Such obligatory comments out of the way, Woodmorappe proceeds to unveil la piece de resistance, the coup de grace with which to forever shatter the theropod origin of birds…temporal paradox. Sounding more like a bad episode of the Twilight Zone than a scientific rebuttal, he drags out the same sorry, endlessly refuted stratophenetic objections that have so long been standard fare amongst those who oppose the theropod origin of birds. Following this devastating blow, he reveals the first trump card, “Protoavis texensis” as a shattering disproof of theropod origins on temporal grounds. Of course Woodmorappe fails to mention that a) “Protoavis” is a fauna, not a species, b) the chimerical material is not particularly avian in any regard, and c) most creationists would chide him on using it at all. Unhindered by such trifling things, Woodmorappe plows ahead to eviscerate the theropod/bird nexus with extensive quotes from Dr. Peter Dodson, an expert not on theropods but on ceratopsians. Dodson implies temporal disparity where none exists, as Coelurosauria, the clade, which is the most logical avian ancestral taxon given character data, predates Archaeopteryx. Moreover, there is compelling evidence for at the very least, the Upper Jurassic derivation of Maniraptora, a yet closer avian outgroup. Woodmorappe obligingly fails to make note of this (at least Dodson has the excuse of his not being a theropod expert).

In an anti-evolutionary tour de force, Woodmorappe closes with a deconstruction of avian evolution post-Archaeopteryx, starting with the bizarre statement that there is a massive saltation between the Archaeopteryx node and the level of organization reflected in the osteology of Confuciusornis. Considering how astonishingly primitive Confuciusornis is, this claim is difficult to take seriously. Woodmorappe’s typical reluctance to provide anything like data in defense of assertions only further weakens his credibility. Similar assertions are made when comparing Archaeopteryx and the Malagasy Rahonavis and apparently Confuciusornis and Enantiornithes and just as before, Woodmorappe is indulging in marvelous fantasy writing. His supposed saltations are quite simply non-existent as even a cursory examination of the morphology of the species he discusses, would reveal. Of course Woodmorappe does not do this for fear of revealing the rag of tissue that his essay is, instead couching his objections in pseudocladistic rot with which to dazzle the eyes of loyal creationists.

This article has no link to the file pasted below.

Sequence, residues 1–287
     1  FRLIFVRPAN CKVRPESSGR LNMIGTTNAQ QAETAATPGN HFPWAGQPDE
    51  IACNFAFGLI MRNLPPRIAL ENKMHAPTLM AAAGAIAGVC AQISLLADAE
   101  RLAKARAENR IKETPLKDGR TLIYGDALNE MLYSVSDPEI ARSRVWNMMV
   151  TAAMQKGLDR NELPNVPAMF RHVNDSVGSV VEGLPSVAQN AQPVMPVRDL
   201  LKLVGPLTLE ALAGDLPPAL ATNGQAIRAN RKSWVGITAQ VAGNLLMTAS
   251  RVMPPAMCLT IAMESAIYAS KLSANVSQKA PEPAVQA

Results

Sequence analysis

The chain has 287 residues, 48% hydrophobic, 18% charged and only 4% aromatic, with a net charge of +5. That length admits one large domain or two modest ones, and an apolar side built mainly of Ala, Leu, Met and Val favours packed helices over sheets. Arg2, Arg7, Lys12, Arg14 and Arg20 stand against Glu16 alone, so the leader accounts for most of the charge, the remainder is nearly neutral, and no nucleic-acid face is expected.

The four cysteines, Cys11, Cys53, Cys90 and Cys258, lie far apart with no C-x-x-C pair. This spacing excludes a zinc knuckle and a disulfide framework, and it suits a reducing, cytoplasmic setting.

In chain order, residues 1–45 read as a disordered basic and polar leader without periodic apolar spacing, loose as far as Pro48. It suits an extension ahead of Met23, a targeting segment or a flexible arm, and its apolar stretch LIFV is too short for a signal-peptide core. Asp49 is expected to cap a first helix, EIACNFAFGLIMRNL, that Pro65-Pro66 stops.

Following this comes the masterful conclusion of Woodmorappe’s paper, a paragraph so bereft of factuality and so crowded with distortions, fallacies and outright lies, that it would put Kent Hovind to shame. In a whirlwind of rhetoric Woodmorappe categorically announces that: there is no “half-wing/half-leg” structure in the lineage leading to Archaeopteryx (quite correct since wings are forelimbs, not hind-limbs and moreover because no such structure would be expected in the first place), we cannot explain the origin of feathers, embryology disproves the theropod origin of birds, and so on. After we stop laughing, we can reiterate that not a single one of these statements belongs outside the annals of fiction—which is precisely why we find them at AIG.

All in all, I have rarely seen so delusional a creationist essay as Woodmorappe’s and that is a dubious distinction indeed.

For a critique of the specific charges, please see: A reply to Ashby Camp and TrueOrigins on Avian Phylogeny, Evolution of feathers, Discussion of Maryanska et al. (2002) and Urvogel Take Two: Confuciusornithidae and the Early Evolution of Birds.